From almost sea level we started to climb the next mountain which was higher than ever.  Earlier Colin had seen a coach up there — that’s because there is a viewpoint at the top with a road leading up to a car park.  We thought our peace would be shattered, but when we eventually reached the top there were only a couple of family cars in the car park, and very few people about.  We sat on some rocks to eat our apples — we seemed to be on top of the world!
Far below, in the middle of a seemingly still sea, lay the mysterious Bardsey Island.  It used to be a place of pilgrimage, and was rumoured to contain the bodies of twenty-thousand saints!  (I wonder how they all fitted on that tiny rock?)  Nowadays it is a bird sanctuary.  Nobody lives there permanently, though I believe it is possible to stay there in rather basic accommodation.
A concrete path led us down towards the sea, then concrete steps took us further down to a wide ledge where there were the concrete bases of several buildings.  We guessed they were the remains of a wartime lookout post long since demolished.  The posts with blue arrows on took us down and down and down.  We had wonderful views of Bardsey Island for the next few miles.
When we seemed to be only just above the sea, the arrows pointed us along westwards.  Next we climbed a little to a footbridge over a stream, and were pointed to a narrow path with a sharp dropaway round the western and southern slopes of Mynydd y Gwyddel.  Colin reckoned that the path there was about as dangerous as the landslide path which was closed at Morfa Nefyn (a couple of Walks ago) yet it was the official way.  The path widened out, and we passed between Mynydd y Gwyddel and Trwyn y Gwyddel — we were relieved we didn’t have to climb this last mountain.
We went down to a footbridge and across a field with sheep in it.  Then we were on a wide cliffside path again.  It was obvious that a lot of work had recently been done on this part of the path to make it more user-friendly — for which we were grateful.  We sat on a rock and ate our chocolate.  We noticed a faint rainbow completely round the sun, and later Colin noticed a faint vertical rainbow colouring in the sky.  In my experience, this has always meant a storm was in the offing — certainly it was a little cooler and the visibility had deteriorated.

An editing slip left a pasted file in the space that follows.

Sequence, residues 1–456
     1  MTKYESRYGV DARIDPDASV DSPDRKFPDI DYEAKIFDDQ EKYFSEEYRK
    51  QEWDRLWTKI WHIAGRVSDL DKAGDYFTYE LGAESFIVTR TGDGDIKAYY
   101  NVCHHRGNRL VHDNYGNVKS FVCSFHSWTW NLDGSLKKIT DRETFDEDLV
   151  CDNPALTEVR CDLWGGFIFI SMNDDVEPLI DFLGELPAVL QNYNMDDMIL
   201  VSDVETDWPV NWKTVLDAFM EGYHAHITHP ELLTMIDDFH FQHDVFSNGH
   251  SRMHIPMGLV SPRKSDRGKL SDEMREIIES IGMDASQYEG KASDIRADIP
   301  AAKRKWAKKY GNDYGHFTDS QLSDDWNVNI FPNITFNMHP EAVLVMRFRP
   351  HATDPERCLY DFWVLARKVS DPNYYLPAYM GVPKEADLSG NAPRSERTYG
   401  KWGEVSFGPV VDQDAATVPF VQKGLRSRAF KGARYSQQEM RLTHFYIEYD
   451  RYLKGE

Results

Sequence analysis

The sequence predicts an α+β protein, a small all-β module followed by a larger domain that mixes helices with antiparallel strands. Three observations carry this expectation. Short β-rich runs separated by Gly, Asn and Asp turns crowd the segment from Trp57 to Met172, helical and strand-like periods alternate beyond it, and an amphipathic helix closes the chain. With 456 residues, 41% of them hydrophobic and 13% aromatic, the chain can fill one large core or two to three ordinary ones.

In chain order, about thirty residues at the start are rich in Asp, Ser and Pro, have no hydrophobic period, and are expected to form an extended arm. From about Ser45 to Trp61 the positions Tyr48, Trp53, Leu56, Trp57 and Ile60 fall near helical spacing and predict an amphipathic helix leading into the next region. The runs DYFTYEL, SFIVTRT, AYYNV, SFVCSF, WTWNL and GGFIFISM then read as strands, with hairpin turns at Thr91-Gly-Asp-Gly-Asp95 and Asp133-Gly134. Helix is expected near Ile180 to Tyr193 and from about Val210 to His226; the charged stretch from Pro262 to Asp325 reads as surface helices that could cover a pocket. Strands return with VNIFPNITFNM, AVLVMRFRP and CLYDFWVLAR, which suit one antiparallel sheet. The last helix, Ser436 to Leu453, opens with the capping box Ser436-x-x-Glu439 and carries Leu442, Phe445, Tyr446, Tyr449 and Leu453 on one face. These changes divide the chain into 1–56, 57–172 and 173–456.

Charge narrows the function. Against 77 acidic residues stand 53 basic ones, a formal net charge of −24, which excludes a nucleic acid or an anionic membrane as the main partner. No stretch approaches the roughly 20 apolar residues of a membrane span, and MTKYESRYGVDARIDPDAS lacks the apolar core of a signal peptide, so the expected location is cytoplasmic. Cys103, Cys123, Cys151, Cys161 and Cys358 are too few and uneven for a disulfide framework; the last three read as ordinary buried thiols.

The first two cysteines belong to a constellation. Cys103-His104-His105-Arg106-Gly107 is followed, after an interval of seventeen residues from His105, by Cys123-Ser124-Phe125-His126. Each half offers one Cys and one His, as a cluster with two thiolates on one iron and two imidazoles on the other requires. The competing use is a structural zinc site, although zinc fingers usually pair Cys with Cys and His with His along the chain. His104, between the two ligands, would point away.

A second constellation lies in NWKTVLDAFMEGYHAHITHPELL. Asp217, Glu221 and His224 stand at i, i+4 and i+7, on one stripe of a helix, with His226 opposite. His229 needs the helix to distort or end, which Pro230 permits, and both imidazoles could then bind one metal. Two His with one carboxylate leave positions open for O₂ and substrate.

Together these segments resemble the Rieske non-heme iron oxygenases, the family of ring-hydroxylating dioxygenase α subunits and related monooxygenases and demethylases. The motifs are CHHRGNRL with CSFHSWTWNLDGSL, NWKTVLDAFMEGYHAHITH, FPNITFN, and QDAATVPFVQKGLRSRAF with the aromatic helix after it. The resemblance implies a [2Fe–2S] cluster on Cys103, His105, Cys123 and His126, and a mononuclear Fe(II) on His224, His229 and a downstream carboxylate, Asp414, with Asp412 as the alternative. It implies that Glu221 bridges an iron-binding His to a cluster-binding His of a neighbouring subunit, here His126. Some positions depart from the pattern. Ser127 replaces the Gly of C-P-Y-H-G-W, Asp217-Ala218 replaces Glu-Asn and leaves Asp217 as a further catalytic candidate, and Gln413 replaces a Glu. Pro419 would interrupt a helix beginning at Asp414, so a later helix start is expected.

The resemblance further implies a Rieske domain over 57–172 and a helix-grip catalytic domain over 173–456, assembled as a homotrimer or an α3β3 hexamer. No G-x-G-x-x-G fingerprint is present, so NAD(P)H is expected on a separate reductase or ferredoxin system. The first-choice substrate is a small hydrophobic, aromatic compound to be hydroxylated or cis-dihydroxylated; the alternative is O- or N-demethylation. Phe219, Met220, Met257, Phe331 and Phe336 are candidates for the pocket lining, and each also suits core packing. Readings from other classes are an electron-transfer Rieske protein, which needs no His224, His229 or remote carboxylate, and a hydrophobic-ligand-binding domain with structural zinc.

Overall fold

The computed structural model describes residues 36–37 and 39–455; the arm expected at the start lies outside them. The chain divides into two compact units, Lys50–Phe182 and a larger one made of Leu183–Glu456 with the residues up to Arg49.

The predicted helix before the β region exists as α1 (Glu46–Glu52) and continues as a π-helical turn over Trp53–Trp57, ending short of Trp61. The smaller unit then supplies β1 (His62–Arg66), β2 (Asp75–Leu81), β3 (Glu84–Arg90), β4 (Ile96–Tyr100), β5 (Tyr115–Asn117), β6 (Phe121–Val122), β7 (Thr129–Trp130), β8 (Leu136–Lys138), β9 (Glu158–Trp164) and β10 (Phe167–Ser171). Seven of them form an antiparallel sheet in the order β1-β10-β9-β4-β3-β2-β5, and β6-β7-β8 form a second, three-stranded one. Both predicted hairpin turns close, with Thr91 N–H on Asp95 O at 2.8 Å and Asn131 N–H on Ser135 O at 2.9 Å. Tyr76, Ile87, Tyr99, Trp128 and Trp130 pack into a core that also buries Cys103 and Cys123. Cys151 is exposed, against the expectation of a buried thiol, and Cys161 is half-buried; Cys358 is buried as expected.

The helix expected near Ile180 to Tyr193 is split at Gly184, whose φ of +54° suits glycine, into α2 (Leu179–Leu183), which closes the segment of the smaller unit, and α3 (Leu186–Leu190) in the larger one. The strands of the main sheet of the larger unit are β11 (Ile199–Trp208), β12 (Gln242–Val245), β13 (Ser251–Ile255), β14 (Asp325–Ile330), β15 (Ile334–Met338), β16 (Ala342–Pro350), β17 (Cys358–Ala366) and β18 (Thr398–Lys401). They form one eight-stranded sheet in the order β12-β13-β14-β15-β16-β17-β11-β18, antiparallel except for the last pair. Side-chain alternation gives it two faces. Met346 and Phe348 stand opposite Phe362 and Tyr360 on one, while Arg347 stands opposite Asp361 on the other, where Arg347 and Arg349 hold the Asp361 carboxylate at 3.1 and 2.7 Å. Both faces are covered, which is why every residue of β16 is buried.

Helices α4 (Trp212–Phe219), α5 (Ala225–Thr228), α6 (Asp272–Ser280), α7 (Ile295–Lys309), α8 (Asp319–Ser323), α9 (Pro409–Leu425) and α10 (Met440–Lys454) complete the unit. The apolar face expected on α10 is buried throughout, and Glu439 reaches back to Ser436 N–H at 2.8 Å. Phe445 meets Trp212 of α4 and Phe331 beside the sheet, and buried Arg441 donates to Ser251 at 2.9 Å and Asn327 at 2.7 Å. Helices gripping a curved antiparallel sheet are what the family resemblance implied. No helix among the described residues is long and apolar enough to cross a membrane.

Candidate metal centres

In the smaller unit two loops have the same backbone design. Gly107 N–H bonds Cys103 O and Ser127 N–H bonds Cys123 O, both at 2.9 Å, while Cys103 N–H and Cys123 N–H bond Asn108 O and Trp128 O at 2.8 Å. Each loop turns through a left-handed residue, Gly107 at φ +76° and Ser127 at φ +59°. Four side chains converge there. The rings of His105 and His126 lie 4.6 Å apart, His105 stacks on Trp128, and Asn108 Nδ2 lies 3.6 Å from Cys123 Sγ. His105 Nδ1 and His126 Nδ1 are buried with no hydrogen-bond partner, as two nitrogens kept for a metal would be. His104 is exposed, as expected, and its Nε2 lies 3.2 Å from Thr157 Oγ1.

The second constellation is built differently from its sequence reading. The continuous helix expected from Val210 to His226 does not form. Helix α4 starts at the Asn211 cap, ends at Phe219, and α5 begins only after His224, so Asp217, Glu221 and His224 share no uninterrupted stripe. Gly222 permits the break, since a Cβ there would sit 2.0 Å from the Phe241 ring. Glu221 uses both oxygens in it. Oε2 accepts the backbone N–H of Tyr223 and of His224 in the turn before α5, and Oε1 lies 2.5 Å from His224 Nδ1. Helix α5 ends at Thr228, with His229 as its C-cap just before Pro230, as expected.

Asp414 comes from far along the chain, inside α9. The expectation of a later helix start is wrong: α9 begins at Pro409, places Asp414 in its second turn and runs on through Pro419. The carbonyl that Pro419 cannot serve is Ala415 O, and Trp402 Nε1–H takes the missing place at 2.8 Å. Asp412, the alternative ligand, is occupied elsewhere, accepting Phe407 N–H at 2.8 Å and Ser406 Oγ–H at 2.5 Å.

We continued across open moorland which had recently been cleared of gorse — it was a nice wide path.  We saw a chough on the clifftop, and wonderful geology on a cliff face.  (I wonder what it all means — I ought to know, but I don’t!)  When we reached yet another deep inlet, we were taken steeply uphill inland and then back on ourselves until we reached a gate.  (We thought we had been scuppered when we found there was no gate or stile in the corner of the field where we expected it to be, and realised the only way to go was back on ourselves!)  We went through the gate and across a field.
And there we caught our first sight of the end of our Walk — Aberdaron!  (We always feel better when we can see the end of a Walk.)  But the blue arrows then turned us round and we had to walk directly away from our goal! 
We entered a National Trust property — Pen-y-Cil.  We had to walk downhill towards the “nose” before we picked up a lower path which turned us round and pointed us once more towards Aberdaron.  We had our last views of Bardsey Island before we turned — perhaps we’ll visit it one day and do a bit of bird-watching.
The path was quite good at first, it was fairly flat and wide.  Then it got more undulating, much more narrow, and kept going in and out of the cliffside.  Aberdaron didn’t seem to get any nearer though it felt as if we had walked for miles.  We were getting very tired.
We passed very close to a grazing bull, but he didn’t take any notice of us, thank goodness.  We then passed two entrances to a badger sett, both very close to the path.  The holes were huge — luckily we saw them and didn’t trip.





The path seemed to get more and more narrow, and it was right on the edge.
It also got very undulating with steps in places.
We were tiring rapidly and longing for the end of the Walk where we planned to visit the pub.
But Aberdaron still seemed just as far away.